November 24th, 2008|
The Perfect Cast
By James Castwell
September 8, 1997
This was the second column I wrote for FAOL. It was an
important subject back then and it still is. Perhaps you have
not gone back into my past scribbling's and may have missed
this. I hope you enjoy it and maybe it can help some too. ~ JC
"Well, you're back, good. I hope my last article got you wound
up and ready to learn how to get really, really, good at casting.
Now, forgive me, but if you wanted that, you would have gone
out and bought some of those books on casting. In fact, you
probably already have a few. There are some very good ones;
some less than, some more than, but for the most part they all do
the job. Yet, for some reason you feel that just maybe you can
pick up something in all of this.
I write this remembering being humiliated by more than one
good caster. Once was 1968 at Scientific Anglers in Midland,
Michigan. I was new to the sport and lived only a few miles
from them, so over I went. Friendly? I should say. The "Big-Guy"
grabbed a flyrod and we went out front onto a casting platform
over their pond. Well, he cast some line then some more line
then the whole line and then a whole bunch of the backing!
I tried not to look too impressed, but the truth is I nearly gave up
the sport. But, I didn't. I stayed with it. I learned, practiced, worked,
got better, started helping a few friends, got even better. That's how
I got into teaching.
Then, there was the time at our camp on the AuSable river. One
of the guys showed up with a new Russ Peak rod and proceeded
to show us what he could do with it. My friend, it was a humbling
experience. He was casting side-arm over sage brush and he laid
out the whole line in about four casts. I couldn't do that. I'm not so
sure I could do it today. He was good. He had "IT," whatever "IT"
is. He later went on to run the fly-fishing end of 3M.
Are You At Your Best?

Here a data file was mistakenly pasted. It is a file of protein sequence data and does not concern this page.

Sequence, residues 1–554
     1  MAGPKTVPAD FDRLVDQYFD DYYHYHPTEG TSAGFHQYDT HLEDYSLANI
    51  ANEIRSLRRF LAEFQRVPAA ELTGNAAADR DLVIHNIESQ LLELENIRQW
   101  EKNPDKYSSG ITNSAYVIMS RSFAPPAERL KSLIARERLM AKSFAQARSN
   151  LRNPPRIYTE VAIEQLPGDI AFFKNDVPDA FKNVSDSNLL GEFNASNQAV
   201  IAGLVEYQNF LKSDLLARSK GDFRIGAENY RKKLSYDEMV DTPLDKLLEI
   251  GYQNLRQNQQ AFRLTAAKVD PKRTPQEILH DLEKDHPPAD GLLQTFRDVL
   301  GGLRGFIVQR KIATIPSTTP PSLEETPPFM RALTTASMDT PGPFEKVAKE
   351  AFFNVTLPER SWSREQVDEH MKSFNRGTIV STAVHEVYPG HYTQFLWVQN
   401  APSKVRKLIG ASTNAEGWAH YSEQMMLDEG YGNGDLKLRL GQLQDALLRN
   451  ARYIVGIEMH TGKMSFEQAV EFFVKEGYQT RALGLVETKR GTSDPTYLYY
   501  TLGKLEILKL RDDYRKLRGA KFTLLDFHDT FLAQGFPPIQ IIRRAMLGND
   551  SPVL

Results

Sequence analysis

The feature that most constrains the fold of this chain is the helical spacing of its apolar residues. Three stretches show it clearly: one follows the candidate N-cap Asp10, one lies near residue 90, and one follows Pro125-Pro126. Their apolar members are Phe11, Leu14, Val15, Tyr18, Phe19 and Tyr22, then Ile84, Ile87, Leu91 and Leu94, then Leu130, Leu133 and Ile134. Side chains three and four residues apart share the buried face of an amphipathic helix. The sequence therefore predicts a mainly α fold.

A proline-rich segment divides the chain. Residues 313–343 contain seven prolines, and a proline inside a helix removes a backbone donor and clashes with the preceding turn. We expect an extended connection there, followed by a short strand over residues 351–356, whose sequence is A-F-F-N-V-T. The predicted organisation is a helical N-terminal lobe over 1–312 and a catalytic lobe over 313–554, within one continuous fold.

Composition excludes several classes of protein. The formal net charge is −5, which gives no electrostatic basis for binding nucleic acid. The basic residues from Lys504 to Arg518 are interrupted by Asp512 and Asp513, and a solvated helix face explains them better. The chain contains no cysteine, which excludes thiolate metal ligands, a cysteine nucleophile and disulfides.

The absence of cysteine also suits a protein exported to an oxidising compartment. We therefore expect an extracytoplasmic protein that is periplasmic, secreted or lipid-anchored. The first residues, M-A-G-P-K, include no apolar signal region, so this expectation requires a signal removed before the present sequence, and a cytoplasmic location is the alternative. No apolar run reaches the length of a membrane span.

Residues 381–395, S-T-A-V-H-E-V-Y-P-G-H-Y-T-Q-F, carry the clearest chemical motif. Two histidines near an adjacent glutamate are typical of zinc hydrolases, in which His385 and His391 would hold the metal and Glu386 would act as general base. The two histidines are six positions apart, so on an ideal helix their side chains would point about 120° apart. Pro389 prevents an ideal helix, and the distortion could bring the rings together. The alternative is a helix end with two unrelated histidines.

Some people seem to have an ability to do things that we mere mortals
just don't have. Like golf, tennis, or playing the piano. All we can do is
to try really hard and be content with our best. Good enough to get it
out there and catch a few fish, but never spectacular. Well, that's life;
that's the way things are. I told you last time that I'm not a great caster.
It's true, but I am a good one. In fact a pretty darn good one. But,
I'll never be great.
And you know what? It's O.K. with me. Perhaps it wasn't years ago,
but it's OK, now. The fact is, I had to work pretty hard to get where
I am now. But, I'm glad I did. It has all been more than worth it.
It does feel good to cast a smooth line, an accurate cast, a darn
good loop, and sometimes, a heck of a long one. And, you can
do it too. But it does take practice, and for some of us, a lot of
I've cast with, fished with, and even guided some world class casters
and fly fishermen. They're no different from you and me. They're just
a little better at casting, and they got there the hard way, they worked
Don't hold back. Find out how good you really are. Maybe you're
one of them. Work, practice, learn, read, study, and then, think about
what you're doing while you practice. Don't just go out and whip your
Analyze What You're Doing
Watch your line, rod, reel, and hand at all degrees of the cast.
Put a name on each element of your cast. If something isn't working,
don't try harder; CHANGE IT! Trying harder could even make it
worse; change something! Maybe just the placement of your feet.
Now, here's a question for you:
Are you casting the flyrod or the fly line?
Is your flyrod a lever to sweep the line around, or is it simply a
somewhat stiff part of the line?
Analyze what you're doing. Have someone watch you. Tell them
that you are going to try to cast just like the books say.
Nice tight controlled loops; front and back.
Powerful stop on the back cast.
The correct amount of reach-back drift.
No slack in your pick-up as you come forward.
A good accelerating forward motion to a solid stop.
The perfect cast! You can do it! We need more good casters,
you may be one of them. Becoming aware; putting names on
each of the actions of casting, studying and improving each;
that's the start of teaching yourself to cast well. ~ James Castwell
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